More rescue plan money to make its way through Michigan communities in 2023
Hundreds of millions of dollars in rescue act funding from the federal government will be making its way through Michigan communities in 2023.
Michigan cities and counties received a totalof more than $4 billion dollars in local funds from the American Rescue Plan Act.
Local governments have until 2024 to allocate all of the money. But much of the allocations in Michigan communities ramped up in 2022.
In December, Kent County allocated $108 million of the $127 million it received through ARPA. The money will go toward 30 projects approved by the Kent County Commission. Some of the funds have already started having an impact on local organizations.
The Grand Rapids African American Health Institute said it had already received $1 million from the county’s ARPA allocation, and plans to spend the money increasing work on mental health and infant and maternal health programs for BIPOC residents in the area.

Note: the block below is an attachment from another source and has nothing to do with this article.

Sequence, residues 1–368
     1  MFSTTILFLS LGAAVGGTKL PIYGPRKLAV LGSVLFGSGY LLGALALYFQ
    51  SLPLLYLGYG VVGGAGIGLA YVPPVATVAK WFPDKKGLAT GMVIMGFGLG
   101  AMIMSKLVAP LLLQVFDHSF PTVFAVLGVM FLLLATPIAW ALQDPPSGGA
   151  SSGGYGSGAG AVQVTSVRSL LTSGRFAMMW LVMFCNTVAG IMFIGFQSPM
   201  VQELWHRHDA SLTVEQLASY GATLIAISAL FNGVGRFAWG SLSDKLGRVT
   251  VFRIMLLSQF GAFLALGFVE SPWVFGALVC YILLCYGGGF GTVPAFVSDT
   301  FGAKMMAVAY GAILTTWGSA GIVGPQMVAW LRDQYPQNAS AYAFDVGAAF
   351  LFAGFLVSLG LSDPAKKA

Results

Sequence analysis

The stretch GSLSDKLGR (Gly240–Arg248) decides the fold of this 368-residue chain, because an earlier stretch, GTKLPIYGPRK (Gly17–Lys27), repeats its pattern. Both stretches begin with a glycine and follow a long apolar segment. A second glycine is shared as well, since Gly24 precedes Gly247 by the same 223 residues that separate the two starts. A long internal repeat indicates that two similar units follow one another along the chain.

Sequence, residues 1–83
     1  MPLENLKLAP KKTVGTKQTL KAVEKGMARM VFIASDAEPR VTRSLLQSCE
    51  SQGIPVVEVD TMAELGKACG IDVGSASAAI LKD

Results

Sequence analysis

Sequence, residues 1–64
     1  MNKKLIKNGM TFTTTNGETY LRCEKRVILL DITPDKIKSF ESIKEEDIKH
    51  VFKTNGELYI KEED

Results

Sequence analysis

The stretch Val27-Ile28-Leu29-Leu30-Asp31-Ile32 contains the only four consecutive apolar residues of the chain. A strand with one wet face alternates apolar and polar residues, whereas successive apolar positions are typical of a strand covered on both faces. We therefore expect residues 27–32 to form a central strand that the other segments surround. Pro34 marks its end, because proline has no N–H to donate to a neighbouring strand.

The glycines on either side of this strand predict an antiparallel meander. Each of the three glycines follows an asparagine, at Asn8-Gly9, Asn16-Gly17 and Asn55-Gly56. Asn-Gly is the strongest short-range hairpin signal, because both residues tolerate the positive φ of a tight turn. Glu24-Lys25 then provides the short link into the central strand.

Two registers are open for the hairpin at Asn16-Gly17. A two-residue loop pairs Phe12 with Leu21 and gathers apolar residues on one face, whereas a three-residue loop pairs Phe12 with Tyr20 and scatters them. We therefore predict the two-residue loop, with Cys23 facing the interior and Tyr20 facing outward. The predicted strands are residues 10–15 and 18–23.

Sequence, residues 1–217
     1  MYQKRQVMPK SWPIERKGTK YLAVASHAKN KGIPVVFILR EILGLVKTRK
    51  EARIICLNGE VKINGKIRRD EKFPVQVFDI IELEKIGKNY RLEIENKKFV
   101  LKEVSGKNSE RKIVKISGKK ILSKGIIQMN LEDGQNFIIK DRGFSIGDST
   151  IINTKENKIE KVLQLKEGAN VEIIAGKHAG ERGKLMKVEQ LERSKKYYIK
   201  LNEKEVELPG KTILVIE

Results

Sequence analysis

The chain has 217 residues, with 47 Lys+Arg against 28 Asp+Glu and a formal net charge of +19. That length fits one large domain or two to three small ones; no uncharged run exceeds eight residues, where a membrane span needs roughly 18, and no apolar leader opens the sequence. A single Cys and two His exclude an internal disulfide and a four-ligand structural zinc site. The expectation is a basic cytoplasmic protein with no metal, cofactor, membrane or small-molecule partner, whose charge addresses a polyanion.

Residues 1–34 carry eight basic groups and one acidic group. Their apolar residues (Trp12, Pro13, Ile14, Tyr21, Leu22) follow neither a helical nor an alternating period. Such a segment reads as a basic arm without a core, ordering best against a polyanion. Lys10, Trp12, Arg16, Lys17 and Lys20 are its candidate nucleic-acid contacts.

“This grant is both an investment in our community’s future health and a validation of the past work by GRAAHI over the past 20 years,” said Paul Doyle, GRAAHI Board Chair, in a statement announcing the grant.
Wayne County allocated nearly $100 million in ARPA funds in November, toward 14 projects. That represented the largest allocation to date for the county, though the majority of its funds remain unspent.
Detroit, which received the largest amount of ARPA funding of any local government in Michigan, has already approved more than $700 million in spending projects, though only about $52 million of the spending had rolled out by late December, according to the city’s ARPA spending dashboard.
Dozens of other communities received smaller amounts of funding through the program, and that money too continues to make its way through programs meant to serve residents.
In Midland County, a new round of grants for more than $600,000 in ARPA funds were announced in December.
The county awarded the funds to the Midland Area Community Foundation to give to local nonprofits.
Sharon Mortensen, head of the foundation, gave an update on the awards at a county commission meeting in December.
She said the money went toward housing and food services, and toward three mental health programs.
“We know that COVID has exacerbated mental health needs of individuals in our community because of the stress generated in a variety of ways, and in some cases economic stress,” Mortensen said.
Local governments have until the end of 2024 to allocate all of the funds awarded to them through ARPA, and until the end of 2026 to spend the money allocated.